Odd Arne Sjåtil
Managing Director & Partner
The Challenges and Opportunities as Subsea Oil and Gas Matures
In 1961, Shell installed the first subsea production tree in the Gulf of Mexico. By 1997, 1,000 subsea completions were in place, and 15 years later, more than 4,800 Christmas trees had been installed on subsea wells worldwide. By 2014, subsea systems were operating in water depths approaching 10,000 feet. In the past half century—and particularly in the past two decades—subsea development has unlocked enormous opportunities for resource holders and oil companies and profitable growth for innovative service providers.
Although great technical and commercial progress has been made, the industry faces new challenges as it enters its sixth decade, including increased production losses, technical bottlenecks, and a lack of sustainable business models for certain subsea services. At the same time, other less glamorous yet persistent problems remain unsolved, such as reducing delivery lead times, improving recovery factors from subsea fields, achieving planning excellence, and making standardization tradeoffs. BCG has worked with some of the world’s leading subsea operators, equipment suppliers, and service contractors to identify these challenges and the best options for addressing them.
As an industry, subsea is maturing. Installations designed to last approximately 20 years are about to exceed their design lives. The concern is particularly acute in the North Sea and South America, where the average age of producing subsea wells is greater than ten years, in contrast to more recent developments in areas such as West Africa. (See Exhibit 1.)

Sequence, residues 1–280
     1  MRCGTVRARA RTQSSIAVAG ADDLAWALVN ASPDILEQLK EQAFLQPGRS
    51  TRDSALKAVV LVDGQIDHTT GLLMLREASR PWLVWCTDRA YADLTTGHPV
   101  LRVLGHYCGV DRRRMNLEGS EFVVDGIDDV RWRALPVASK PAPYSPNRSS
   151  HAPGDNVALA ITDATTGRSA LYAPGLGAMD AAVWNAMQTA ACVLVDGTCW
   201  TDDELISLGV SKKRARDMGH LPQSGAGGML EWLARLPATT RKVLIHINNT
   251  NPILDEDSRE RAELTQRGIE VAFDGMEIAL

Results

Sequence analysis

In our recent work with leading subsea operators and suppliers, we have identified three major challenges that operators and contractors are confronting as subsea fields mature:
These emerging challenges compound those that operators and contractors have been facing for many years:
How can subsea operators and contractors respond? Although they face fundamental challenges, we believe they can continue to prosper by adapting to subsea’s new era of maturity. Many will have to act in five areas:
Equipment suppliers must take four actions to mirror the moves of operators and proactively address clients’ service and maintenance needs:
We believe these challenges for the maturing subsea market also present three investment opportunities for both suppliers and financial investors:
The tone of the subsea industry is changing. While high-tech megaprojects remain a crucial element of the market, the world’s largest subsea operators have learned that proactively planning for maturity in subsea developments—covering equipment specs, maintenance strategies, and intervention planning—is critical in order to avoid enormous and unexpected loss of value. As operators worldwide emphasize increased cost efficiency and capital discipline in the years ahead, addressing subsea’s midlife crisis is an opportunity that can no longer be ignored.